Jeopardy!” has been around for close to six decades, but the beloved quiz show has never officially celebrated its birthday — until now.

Michael Davies, the executive producer who took over after Sony fired Mike Richards last year, recently announced the first “JeoparDAY” to celebrate the show’s 58th birthday.

“‘Jeopardy!’ was born March 30, 1964, when the first-ever episode aired at 11:30 a.m. on NBC,” Davies wrote in a message on the “Jeopardy!” website. “The birth parents were Merv and Julann Griffin and attending was Art Fleming. The NBC daytime version of the show (which ran until 1975) paved the way for the current syndicated program that debuted in 1984. ‘Jeopardy!’ has never celebrated its birthday before, and we have decided to change that.”

Davies revealed two big ways to celebrate on March 30: Trying out for the show, and watching the unaired “Jeopardy!” pilot from 1964.

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How to audition for ‘Jeopardy!’

The online “Jeopardy!” test — the first step in getting on the quiz show — used to only be available once or twice a year. In March 2020, the show made the online test available year-round, the Deseret News reported.

“Jeopardy!” is encouraging aspiring contestants to take the test on Wednesday. The test can typically only be taken once in a one-year period, but the show is letting all fans take the test regardless of when it was last taken.

“Jeopardy!” will donate $5.80 each for the first 10,000 tests to the Alex Trebek Fund at Stand Up to Cancer, Davies wrote in his message. Trebek died of pancreatic cancer on Nov. 8, 2020.

To register for the test, create an account at jeopardy.com.

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Ken Jennings offers tips for the ‘Jeopardy!’ online test

In 2019, “Jeopardy! Greatest of All Time” champion Ken Jennings shared some tips for taking the online test with the Deseret News. Below are some highlights from that interview.

  • “If you’ve watched the show, you realize which things you really have to know,” Jennings said. “There’s only 45 presidents; there’s no reason not to spend some time studying the presidents. Know their years, know their vice presidents, know their home states and first ladies. And world capitals, that’s kind of the other big one. Be able to know the capital for every country in the world. That’s the most bang for your buck.”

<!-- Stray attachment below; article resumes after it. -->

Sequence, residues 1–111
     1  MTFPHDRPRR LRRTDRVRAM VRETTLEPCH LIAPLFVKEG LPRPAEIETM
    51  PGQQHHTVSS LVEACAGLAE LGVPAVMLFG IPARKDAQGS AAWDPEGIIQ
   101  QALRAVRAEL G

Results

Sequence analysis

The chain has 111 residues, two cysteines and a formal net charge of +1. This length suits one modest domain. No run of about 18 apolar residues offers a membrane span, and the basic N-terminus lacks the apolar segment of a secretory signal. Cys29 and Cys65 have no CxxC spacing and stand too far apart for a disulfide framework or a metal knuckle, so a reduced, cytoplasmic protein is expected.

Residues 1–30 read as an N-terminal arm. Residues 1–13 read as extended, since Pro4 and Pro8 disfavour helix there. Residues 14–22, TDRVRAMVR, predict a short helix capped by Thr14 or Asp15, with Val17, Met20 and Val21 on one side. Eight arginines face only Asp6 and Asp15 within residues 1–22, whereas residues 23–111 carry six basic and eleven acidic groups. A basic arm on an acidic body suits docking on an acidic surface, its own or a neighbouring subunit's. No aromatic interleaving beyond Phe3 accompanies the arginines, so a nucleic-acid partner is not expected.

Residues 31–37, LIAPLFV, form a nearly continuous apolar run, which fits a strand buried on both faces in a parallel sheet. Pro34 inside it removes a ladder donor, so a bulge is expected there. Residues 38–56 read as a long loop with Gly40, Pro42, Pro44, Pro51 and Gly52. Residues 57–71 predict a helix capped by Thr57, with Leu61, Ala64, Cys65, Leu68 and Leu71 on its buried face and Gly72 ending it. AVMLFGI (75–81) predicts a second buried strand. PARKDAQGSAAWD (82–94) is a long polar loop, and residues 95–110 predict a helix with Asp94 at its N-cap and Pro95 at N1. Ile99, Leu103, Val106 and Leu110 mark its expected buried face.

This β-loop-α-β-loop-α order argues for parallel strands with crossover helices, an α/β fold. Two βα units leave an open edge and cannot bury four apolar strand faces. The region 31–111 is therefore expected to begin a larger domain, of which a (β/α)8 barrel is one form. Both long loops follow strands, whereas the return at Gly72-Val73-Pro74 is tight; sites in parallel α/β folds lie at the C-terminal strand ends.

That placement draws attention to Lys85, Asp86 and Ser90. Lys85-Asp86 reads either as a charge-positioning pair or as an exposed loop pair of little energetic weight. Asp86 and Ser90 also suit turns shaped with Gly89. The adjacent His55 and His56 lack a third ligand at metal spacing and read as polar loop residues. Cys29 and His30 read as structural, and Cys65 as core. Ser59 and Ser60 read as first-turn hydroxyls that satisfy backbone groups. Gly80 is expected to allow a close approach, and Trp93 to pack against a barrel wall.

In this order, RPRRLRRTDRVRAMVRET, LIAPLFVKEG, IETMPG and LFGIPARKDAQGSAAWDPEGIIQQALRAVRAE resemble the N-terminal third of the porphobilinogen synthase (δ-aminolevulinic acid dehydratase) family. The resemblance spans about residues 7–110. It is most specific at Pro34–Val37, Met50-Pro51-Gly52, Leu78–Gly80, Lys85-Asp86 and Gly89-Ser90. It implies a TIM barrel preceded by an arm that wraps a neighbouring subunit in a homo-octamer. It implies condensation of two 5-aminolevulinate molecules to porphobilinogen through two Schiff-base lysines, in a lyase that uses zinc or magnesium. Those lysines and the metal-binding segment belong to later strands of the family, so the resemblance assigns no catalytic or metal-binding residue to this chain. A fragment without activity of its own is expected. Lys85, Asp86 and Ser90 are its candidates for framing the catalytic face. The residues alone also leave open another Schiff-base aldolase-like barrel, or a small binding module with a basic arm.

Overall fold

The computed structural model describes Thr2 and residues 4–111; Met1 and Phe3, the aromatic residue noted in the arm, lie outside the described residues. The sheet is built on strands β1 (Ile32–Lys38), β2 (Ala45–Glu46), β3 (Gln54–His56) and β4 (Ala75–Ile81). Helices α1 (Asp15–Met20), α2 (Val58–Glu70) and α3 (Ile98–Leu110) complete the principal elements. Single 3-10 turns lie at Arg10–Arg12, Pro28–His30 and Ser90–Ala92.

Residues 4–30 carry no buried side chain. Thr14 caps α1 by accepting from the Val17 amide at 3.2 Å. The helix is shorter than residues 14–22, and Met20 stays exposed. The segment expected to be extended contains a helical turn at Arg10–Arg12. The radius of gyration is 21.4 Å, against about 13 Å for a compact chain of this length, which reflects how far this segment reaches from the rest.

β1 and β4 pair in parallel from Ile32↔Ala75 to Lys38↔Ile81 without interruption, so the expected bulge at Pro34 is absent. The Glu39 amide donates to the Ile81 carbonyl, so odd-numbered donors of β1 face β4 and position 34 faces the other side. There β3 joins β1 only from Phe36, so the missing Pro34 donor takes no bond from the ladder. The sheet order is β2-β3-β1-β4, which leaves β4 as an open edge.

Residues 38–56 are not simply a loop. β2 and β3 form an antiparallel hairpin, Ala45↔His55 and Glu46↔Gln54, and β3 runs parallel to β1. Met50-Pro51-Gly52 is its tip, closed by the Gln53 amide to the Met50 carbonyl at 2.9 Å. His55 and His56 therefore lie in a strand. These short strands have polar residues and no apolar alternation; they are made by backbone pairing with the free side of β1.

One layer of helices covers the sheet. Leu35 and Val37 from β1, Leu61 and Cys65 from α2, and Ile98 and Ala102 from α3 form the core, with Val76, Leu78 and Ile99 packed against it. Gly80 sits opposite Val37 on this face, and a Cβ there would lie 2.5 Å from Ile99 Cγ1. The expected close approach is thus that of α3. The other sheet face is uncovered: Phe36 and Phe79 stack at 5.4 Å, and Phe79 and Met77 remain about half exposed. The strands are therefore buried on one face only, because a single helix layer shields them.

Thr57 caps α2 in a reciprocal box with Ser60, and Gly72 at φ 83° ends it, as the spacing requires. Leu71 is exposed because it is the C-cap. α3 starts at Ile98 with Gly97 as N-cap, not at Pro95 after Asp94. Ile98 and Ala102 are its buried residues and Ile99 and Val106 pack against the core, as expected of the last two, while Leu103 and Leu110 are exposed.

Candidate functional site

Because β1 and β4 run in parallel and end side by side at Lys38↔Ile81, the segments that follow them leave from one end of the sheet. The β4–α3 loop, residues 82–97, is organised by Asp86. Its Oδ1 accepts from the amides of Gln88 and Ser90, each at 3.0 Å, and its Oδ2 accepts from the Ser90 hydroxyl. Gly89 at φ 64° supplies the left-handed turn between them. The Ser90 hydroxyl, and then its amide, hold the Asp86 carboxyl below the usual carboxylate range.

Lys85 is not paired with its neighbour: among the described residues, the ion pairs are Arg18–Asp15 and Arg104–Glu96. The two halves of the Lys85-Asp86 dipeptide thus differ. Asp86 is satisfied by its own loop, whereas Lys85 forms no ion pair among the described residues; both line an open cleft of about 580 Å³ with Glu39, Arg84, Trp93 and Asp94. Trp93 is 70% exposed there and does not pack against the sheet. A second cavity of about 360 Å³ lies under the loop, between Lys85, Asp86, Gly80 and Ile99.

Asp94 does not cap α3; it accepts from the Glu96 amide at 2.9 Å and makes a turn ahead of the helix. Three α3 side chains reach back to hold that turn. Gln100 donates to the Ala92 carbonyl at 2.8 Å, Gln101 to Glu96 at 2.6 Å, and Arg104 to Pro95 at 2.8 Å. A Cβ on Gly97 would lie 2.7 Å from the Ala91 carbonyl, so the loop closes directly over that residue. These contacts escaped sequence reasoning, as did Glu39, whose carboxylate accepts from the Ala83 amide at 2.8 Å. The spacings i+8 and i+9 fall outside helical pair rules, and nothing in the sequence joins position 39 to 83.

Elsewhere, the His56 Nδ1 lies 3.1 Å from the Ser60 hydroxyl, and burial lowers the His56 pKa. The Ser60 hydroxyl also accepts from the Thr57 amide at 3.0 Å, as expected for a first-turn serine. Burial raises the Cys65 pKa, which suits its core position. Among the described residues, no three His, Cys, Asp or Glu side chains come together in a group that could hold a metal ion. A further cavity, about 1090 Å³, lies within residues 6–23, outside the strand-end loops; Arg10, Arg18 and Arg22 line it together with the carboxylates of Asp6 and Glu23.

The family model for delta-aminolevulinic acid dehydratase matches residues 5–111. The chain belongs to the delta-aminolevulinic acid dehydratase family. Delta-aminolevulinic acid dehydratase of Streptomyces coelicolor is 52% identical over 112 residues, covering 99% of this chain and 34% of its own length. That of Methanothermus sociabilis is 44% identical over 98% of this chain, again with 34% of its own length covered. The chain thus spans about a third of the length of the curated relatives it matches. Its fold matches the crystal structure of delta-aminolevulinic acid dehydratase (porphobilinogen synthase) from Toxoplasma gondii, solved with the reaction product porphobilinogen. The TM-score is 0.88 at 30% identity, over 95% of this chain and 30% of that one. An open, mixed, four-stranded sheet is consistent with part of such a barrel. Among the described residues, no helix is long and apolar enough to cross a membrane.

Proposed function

He also recommended studying Shakespeare, Olympic cities, opera, orchestra conductors, constitutional amendments and university towns. 

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The 50-question online test goes by fast — you only have 15 seconds to answer each clue. Jennings recommended speed-reading the clues for efficiency.

  • “Pick out the most relevant parts of the clue — the proper names, the place names, the dates, the titles,” Jennings said. “Pick those out as quick as you can, see if an idea pops into your head of who or what (the clue is) talking about and then plug that back into the clue and see if everything fits and works.”

You don’t receive an official score after taking the test, but if you correctly answer 35 of the 50 questions, your name gets placed in a pool of potential contestants. Jennings told fans to not be discouraged if they don’t make it through.

  • “It’s super selective every year,” he said. “I think by the numbers it’s 10 times harder to get on ‘Jeopardy!’ than to get into Yale. I know a lot of really good players who failed the audition five times before they finally got on the show and did great. So don’t get down on yourself.”

A special ‘Jeopardy!’ watch party

To celebrate 58 years, “Jeopardy!” is also throwing a special watch party Wednesday night. “Jeopardy!” will show the unaired pilot from 1964, Davies said. Viewers can tune in on the show’s official YouTube channel at 6 p.m. MDT.

“Wecolme to a brand new show,” Fleming says at the start of the episode. “This is a very unusual question and answer show. ... Let’s play ‘Jeopardy!’”

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